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Poll: Americans Easing Up on COVID Mitigation Measures; CDC New Guidance Says Surfaces Are Not Big Risk for Spreading COVID; Polls Show Reluctance Among Republicans to Get Vaccine; Facebook Will Remove Chauvin Verdict Content that Violates Community Standards; Video Plays Key Role in Chauvin Murder Trial; Outrage over Waters Protest Rhetoric Exposes GOP Hypocrisy; Pelosi Defends Rep. Waters, Says She Shouldn't Apologize; Putin Critic Navalny Hospitalized & Held in Solitary Confinement Amid Hunger Strike. Aired 1:30-2p ET

Aired April 20, 2021 - 13:30   ET



DR. JORGE RODRIGUEZ, CNN MEDICAL ANALYST The only thing they didn't do is they didn't have the menu in a virtual sort of form so we did have to handle, you know, the menus.

But I think it is relatively safe if you're vaccinated.

ANA CABRERA, CNN HOST: You know, that's perfect for my next question, because the CDC just put out this new guidance saying surfaces, those menus you're touching, are not the big risk for spreading coronavirus.

How significant is that?

RODRIGUEZ: Well, that is significant because I think people were sometimes overdoing what they were spraying.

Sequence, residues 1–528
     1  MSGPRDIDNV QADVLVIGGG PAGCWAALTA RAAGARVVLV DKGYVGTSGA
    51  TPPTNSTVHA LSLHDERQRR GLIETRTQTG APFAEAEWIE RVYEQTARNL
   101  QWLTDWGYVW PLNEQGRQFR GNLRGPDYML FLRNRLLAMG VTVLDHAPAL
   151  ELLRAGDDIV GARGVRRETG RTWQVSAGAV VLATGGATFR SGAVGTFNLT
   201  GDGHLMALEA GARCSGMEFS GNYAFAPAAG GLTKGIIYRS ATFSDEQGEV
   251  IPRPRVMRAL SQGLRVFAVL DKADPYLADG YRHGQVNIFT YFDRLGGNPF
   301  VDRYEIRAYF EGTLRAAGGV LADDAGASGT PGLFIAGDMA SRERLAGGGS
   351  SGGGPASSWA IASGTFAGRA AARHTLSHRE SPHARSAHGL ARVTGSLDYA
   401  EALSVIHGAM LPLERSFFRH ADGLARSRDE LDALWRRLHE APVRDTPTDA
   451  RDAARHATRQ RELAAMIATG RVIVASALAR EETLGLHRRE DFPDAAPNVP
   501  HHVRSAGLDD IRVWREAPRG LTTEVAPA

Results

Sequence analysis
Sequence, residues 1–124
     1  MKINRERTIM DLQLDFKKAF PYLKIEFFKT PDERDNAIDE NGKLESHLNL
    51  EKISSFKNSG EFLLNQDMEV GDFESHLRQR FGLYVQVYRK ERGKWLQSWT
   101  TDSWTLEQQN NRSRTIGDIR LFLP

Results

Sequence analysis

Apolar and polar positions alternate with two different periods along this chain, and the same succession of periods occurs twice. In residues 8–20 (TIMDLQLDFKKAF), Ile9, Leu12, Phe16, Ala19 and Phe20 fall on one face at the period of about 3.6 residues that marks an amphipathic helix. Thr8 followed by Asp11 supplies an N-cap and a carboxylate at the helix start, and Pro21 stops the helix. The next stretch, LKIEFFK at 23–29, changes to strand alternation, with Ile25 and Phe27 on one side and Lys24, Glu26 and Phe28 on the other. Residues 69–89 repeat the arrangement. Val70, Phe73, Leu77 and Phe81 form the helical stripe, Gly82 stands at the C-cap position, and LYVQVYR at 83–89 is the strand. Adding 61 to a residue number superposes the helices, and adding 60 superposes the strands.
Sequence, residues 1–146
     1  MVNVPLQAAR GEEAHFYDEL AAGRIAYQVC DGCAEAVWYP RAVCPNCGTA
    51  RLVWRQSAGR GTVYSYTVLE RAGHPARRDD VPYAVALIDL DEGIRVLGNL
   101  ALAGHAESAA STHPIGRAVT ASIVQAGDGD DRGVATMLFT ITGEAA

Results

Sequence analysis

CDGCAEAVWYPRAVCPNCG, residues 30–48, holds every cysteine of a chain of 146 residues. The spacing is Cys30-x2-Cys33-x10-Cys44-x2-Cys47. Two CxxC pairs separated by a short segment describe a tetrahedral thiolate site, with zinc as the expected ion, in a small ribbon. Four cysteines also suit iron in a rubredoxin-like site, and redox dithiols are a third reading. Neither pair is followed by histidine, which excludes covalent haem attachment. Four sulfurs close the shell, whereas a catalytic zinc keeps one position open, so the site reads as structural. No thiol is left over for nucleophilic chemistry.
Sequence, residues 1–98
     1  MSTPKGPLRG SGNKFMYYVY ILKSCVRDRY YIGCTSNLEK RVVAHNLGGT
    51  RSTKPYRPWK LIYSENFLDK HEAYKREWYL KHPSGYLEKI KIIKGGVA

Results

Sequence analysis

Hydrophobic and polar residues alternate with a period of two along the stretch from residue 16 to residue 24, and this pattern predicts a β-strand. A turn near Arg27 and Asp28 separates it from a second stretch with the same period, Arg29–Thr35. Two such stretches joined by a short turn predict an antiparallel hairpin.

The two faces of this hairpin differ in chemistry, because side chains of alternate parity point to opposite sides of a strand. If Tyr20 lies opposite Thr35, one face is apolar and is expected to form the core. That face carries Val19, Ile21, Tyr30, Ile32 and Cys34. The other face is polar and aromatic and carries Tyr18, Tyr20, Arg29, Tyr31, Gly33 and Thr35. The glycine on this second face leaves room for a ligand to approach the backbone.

And, again, this does not mean that science is wrong. This means that we are learning as we go along.

Where you really need to pay attention is if you don't know the person, for example, who you're with that's touching something, clean that. If someone in your household is sick, clean the surfaces.

But otherwise, cleaning every package that arrives to your house is probably not necessary.

CABRERA: And, of course, we still got to keep washing our hands. That hasn't gone away.

RODRIGUEZ: Absolutely.

CABRERA: The White House is trying this media blitz this week to help combat vaccine hesitancy. But we know a lot of the polls have shown a large number of Republicans are among those who don't want to get vaccinated. How do you think the Biden administration can break through with that


RODRIGUEZ: I think the first thing we need to do is not continue to separate people into our political beliefs. That's served us very poorly in the last administration.

But what people need to know is that the vaccine doesn't care if you're Republican or a Democrat.

Right now, the people that are in greatest danger of contracting the virus are the people that have not been vaccinated.

Because guess what? The virus can't infect those people that have been vaccinated. Guess who is left for them to vaccinate?

There are bigger variants that are more contagious. And the right thing is -- and the picking is right for those that are not vaccinated.

So if you're not vaccinated, you're at greatest risk right now.

CABRERA: I spoke to a doctor in Michigan just a few days ago who talked about how it's the younger demographic that is showing up more and more in the hospital with very serious infections.

Again, proof that even those lower-risk groups aren't completely, you know --


CABRERA: -- invisible or immune to this.